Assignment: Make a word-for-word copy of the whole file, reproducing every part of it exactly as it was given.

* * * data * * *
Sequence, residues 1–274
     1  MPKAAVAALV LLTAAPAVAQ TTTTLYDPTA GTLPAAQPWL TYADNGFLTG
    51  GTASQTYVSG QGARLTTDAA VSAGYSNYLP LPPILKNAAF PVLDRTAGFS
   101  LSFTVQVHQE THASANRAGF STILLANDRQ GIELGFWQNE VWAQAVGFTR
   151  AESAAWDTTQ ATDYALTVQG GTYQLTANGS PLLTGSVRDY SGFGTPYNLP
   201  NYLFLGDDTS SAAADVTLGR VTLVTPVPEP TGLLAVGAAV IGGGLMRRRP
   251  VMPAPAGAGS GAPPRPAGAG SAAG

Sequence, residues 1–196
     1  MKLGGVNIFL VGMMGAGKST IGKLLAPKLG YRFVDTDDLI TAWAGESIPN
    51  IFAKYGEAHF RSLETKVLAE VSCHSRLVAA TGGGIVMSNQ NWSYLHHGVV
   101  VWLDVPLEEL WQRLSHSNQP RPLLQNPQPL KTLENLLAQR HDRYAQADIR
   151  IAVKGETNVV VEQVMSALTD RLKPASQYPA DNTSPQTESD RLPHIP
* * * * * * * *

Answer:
Sequence, residues 1–274
     1  MPKAAVAALV LLTAAPAVAQ TTTTLYDPTA GTLPAAQPWL TYADNGFLTG
    51  GTASQTYVSG QGARLTTDAA VSAGYSNYLP LPPILKNAAF PVLDRTAGFS
   101  LSFTVQVHQE THASANRAGF STILLANDRQ GIELGFWQNE VWAQAVGFTR
   151  AESAAWDTTQ ATDYALTVQG GTYQLTANGS PLLTGSVRDY SGFGTPYNLP
   201  NYLFLGDDTS SAAADVTLGR VTLVTPVPEP TGLLAVGAAV IGGGLMRRRP
   251  VMPAPAGAGS GAPPRPAGAG SAAG

Sequence, residues 1–196
     1  MKLGGVNIFL VGMMGAGKST IGKLLAPKLG YRFVDTDDLI TAWAGESIPN
    51  IFAKYGEAHF RSLETKVLAE VSCHSRLVAA TGGGIVMSNQ NWSYLHHGVV
   101  VWLDVPLEEL WQRLSHSNQP RPLLQNPQPL KTLENLLAQR HDRYAQADIR
   151  IAVKGETNVV VEQVMSALTD RLKPASQYPA DNTSPQTESD RLPHIP